Terms Governing Use and Reproduction

Use of materials from this collection beyond the exceptions provided for in the Fair Use and Educational Use clauses of the U.S. Copyright Law may violate federal law. Permission to publish or reproduce is required from the copyright holder. Please contact Special Collections, University of Delaware Library,

Biographical Note

Harry F. Williams was born in Chester County, Pennsylvania, in 1911. He became interested in the Romance languages at an early age, and spent several years as a student in Europe. There he received a degree in French Studies from the University of Nancy in 1931, and a degree in French Civilization from the University of Paris in 1933. In that same year he also received a B.A. from the University of Delaware. Williams continued his studies at Middlebury College, where he received his Masters degree in 1938, and finally was awarded his doctorate at the University of Michigan in 1942. The mobility he demonstrated as a student continued throughout his professional career. After receiving his doctorate, Williams accepted a position as head of the Department of Languages at Lincoln Memorial University in Tennessee. In 1944 he became an instructor of Spanish at the University of Wisconsin, and two years later he went to UCLA as an instructor of French. From 1963 to 1966 Williams was a professor of Romance Languages at the University of Minnesota, and in 1966 he accepted a position at Florida State University, where he remained until the late 1980s.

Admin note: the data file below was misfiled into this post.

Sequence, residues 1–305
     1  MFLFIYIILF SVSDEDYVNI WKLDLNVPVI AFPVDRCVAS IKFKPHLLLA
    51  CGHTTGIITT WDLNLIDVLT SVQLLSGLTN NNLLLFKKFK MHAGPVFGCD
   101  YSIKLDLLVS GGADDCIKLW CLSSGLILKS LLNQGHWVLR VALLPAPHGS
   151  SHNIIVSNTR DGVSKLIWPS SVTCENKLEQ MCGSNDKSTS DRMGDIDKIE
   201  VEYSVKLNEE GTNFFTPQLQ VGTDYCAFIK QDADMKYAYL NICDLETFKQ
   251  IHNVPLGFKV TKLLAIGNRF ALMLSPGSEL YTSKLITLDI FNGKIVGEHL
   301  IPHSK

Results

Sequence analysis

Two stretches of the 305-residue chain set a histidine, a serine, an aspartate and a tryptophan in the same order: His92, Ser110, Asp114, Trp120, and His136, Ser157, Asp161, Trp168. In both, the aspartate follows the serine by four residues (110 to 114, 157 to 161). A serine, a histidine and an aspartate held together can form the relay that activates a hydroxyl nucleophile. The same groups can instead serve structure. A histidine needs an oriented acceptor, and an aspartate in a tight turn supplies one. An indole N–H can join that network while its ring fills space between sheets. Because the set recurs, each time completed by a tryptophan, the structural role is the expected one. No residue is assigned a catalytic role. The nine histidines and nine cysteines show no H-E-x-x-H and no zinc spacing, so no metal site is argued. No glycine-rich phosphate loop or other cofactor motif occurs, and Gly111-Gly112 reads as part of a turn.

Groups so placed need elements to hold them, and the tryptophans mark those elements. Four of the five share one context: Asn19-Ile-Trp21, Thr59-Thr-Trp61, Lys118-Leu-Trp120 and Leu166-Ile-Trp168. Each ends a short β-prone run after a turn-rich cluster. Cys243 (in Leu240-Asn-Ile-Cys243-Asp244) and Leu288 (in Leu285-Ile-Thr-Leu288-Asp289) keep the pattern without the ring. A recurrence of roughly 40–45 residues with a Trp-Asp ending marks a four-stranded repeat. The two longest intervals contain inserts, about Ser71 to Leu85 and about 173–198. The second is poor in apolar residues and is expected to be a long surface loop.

During Williams’ long academic career he published several scholarly books, such as Les Lais de Marie de France and Flore et Blanchefleur, contributed articles and reviews to numerous professional journals, and presented papers before national and international organizations. He also traveled to France many times over the course of his career, studying and photocopying manuscripts from archives in Paris, Grenoble, Lyon, Brussels, Arsenal, and numerous other towns. His contribution to the study of medieval Literature has been widely recognized, and in 1987 he was honored with the designation of Professor Emeritus by Florida State University. Williams retired from teaching and moved to Oxford, Pennsylvania, where he remained until his death on March 4, 1998.